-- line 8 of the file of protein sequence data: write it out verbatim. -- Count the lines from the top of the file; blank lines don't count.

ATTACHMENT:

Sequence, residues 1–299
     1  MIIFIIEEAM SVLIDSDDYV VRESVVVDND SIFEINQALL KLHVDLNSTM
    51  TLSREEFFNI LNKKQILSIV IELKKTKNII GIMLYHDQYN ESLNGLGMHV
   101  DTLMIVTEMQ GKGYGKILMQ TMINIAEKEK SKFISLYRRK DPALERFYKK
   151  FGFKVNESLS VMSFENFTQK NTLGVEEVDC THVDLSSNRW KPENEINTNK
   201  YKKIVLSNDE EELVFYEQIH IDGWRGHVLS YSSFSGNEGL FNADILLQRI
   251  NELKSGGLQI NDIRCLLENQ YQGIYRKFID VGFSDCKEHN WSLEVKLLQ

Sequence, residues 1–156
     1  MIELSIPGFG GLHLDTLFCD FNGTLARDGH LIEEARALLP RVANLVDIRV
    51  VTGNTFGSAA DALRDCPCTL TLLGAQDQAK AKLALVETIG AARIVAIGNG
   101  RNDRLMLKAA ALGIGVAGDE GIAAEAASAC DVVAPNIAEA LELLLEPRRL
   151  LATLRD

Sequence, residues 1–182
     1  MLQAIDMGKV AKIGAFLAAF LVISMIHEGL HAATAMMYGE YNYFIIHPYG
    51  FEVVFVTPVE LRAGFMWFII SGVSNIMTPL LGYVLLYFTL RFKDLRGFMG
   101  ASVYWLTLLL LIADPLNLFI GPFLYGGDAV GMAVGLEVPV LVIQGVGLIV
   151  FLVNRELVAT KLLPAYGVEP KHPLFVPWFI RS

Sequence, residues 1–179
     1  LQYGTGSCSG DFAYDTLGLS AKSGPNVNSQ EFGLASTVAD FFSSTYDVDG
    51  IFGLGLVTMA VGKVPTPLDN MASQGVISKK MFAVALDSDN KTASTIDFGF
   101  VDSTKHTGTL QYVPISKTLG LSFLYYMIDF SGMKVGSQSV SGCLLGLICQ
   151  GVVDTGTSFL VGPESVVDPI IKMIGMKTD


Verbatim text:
Sequence, residues 1–156